Trump Signs Government Financing Bill

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With little time left before the possible partial closure of US government offices, President Donald Trump signed into law a $ 2.3 trillion bill on Sunday evening, including an appropriation of $ 900 billion in COVID-19 pandemic relief and funding for work. government for the period up to September 2021 in the amount of $ 1.4 trillion.

Earlier, the president called “shame” the bill approved last week by the House of Representatives and the Senate after months of negotiations between Republicans and Democrats, in which Trump did not take much part.

Trump’s objections to the bill surprised many; learning of the president’s reaction, the leaders of both parties urged him to sign the document.

If the president had not signed the bill, the partial closure of federal institutions would have begun on Tuesday. The increased benefits for the unemployed and restrictions on eviction by the court expired on Sunday morning.

“The signing of the bipartisan coronavirus (pandemic) relief bill, (bill) endorsed by both houses, is good news for fourteen million Americans who have just … lost their vital unemployment benefits … and for millions of people, with all their might trying to stay afloat during this historic crisis – a pandemic and an economic one, ”House Speaker Nancy Pelosi said in a statement released Sunday evening.

Senate Majority Leader Mitch McConnell praised Trump’s move to prevent a shutdown at a time when the country cannot afford it.

“The bipartisan package … which Republicans in Congress and the Trump administration were negotiating about, extends pivotal avenues … vital for workers in struggling small businesses, renews top perks for out-of-work Americans, invests new billions in vaccine distribution … Compromise Bill is not perfect, but it will be of immense benefit … to the people of Kentucky and (all) Americans across the country who need help today, ”McConnell said in a statement.

In announcing the signing of the bill, Trump also announced that he was pushing for changes to the document designed to abolish what he called “devastating sections.”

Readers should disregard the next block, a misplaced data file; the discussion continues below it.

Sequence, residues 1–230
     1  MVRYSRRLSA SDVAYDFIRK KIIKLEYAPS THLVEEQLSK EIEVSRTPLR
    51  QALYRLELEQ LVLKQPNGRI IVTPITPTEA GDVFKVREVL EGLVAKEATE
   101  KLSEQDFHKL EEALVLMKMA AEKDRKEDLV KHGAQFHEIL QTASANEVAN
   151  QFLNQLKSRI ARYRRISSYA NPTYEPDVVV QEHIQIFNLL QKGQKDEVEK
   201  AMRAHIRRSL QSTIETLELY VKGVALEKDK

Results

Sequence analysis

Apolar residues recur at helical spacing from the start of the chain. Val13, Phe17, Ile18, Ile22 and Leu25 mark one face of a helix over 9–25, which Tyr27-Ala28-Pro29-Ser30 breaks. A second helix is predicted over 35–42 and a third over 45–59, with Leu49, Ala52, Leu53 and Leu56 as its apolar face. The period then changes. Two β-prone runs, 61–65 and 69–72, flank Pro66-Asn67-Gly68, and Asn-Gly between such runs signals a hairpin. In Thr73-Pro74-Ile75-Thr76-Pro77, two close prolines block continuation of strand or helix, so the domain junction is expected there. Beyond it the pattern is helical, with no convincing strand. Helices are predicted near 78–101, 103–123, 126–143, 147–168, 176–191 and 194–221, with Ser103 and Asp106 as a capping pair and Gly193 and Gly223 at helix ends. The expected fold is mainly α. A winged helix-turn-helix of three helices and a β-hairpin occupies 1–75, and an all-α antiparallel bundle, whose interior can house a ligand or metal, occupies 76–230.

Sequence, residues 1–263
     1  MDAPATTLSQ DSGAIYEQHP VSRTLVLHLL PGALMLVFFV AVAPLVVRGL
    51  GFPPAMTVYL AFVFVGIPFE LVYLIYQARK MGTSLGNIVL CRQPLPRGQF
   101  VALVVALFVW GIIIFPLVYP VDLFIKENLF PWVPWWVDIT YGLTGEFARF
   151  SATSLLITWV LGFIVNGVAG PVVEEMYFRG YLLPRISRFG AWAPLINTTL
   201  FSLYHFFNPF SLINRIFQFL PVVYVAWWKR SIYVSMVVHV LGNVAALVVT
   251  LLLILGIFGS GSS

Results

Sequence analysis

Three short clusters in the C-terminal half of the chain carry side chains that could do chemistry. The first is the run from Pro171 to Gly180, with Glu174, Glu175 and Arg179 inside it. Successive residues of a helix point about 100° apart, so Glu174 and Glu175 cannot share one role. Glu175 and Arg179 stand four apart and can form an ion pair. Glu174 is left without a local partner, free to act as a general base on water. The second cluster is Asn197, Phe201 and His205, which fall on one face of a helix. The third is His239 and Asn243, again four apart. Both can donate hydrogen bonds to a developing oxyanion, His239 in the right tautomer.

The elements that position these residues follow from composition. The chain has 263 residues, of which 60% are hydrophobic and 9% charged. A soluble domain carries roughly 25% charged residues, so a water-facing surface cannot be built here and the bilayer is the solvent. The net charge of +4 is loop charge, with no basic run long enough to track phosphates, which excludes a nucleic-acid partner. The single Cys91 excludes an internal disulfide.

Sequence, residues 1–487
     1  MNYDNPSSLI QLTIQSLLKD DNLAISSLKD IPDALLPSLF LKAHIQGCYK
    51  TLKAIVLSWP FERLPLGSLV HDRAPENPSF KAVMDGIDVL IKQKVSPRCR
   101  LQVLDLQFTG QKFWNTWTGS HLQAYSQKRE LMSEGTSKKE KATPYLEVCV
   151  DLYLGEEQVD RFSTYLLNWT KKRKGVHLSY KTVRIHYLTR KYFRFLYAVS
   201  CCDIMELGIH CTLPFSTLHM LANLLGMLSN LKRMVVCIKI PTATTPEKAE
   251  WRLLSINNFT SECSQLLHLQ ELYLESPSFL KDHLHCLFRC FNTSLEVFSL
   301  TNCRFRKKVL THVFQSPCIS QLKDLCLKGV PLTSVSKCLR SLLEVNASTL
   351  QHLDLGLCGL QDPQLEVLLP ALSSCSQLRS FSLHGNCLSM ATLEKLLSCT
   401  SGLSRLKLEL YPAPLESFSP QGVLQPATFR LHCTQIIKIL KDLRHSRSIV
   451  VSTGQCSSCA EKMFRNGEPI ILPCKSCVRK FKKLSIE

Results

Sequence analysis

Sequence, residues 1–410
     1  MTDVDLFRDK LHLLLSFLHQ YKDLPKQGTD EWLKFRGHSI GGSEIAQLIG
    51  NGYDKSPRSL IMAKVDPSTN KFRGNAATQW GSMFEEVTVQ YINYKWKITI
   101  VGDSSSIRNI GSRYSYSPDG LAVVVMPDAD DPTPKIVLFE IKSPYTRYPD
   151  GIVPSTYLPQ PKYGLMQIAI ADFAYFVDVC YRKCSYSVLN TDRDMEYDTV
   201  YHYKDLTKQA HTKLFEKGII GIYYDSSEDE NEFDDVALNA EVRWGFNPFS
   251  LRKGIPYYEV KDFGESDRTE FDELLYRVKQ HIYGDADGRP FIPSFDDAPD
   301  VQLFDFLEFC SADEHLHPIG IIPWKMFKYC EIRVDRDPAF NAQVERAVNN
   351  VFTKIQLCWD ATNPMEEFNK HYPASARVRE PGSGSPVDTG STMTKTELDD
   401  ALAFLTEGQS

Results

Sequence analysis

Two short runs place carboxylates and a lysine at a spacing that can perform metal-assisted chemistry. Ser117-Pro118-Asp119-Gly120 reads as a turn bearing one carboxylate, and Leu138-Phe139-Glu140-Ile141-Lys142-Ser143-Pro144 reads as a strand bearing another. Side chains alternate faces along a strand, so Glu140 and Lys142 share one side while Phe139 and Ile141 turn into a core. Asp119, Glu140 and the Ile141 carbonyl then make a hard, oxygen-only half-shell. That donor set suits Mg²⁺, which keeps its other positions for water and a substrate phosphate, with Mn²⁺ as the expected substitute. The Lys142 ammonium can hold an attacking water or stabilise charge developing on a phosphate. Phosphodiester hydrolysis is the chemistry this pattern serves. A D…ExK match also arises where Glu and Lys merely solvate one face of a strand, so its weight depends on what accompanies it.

This, however, is about proposals addressed to Congress, which should not necessarily lead to changes in the text of the document.

The president’s objections related to the amount of direct payments to the population, as well as the financing of foreign aid programs and scientific research.

“I told Congress that I saw fit to cut down on unnecessary spending significantly and give more money to American citizens in the form of checks of $ 2,000 per adult and $ 600 per child,” Trump said in a statement.

The bill provides for payments of $ 600 per person. Democrats also demanded higher payments, but Republicans opposed the idea.

“I’m signing this bill to restore unemployment benefits, stop evictions, help tenants, add money to the business assistance program, get airline employees back to work, add substantially more money to distribute the vaccine, and more,” Trump added.

Democrats describe the aid package as only the first step in a larger anti-crisis program.

“There is a need to provide strong support to state and municipal governments to distribute and use the vaccine, keep jobs and prevent catastrophic cuts in services, and we must do this as soon as possible,” Pelosi said.

Congress will return to work on Monday, interrupting Christmas break to try to overcome the presidential veto on the $ 740 billion defense budget bill. The document also provides for an increase in the salaries of military personnel and determines the policy of the Pentagon on various issues.

The House vote is scheduled for Monday. If she approves the lifting of the veto, the Senate will be able to bring the issue to a vote as early as Tuesday. Overcoming the presidential veto requires a two-thirds majority in both chambers.

The defense bill has raised a number of objections from Trump, including over a provision allowing military installations named after Confederate leaders to be renamed. The president also demanded to include in the document a clause on the abolition of protection for social networks from liability for user content.

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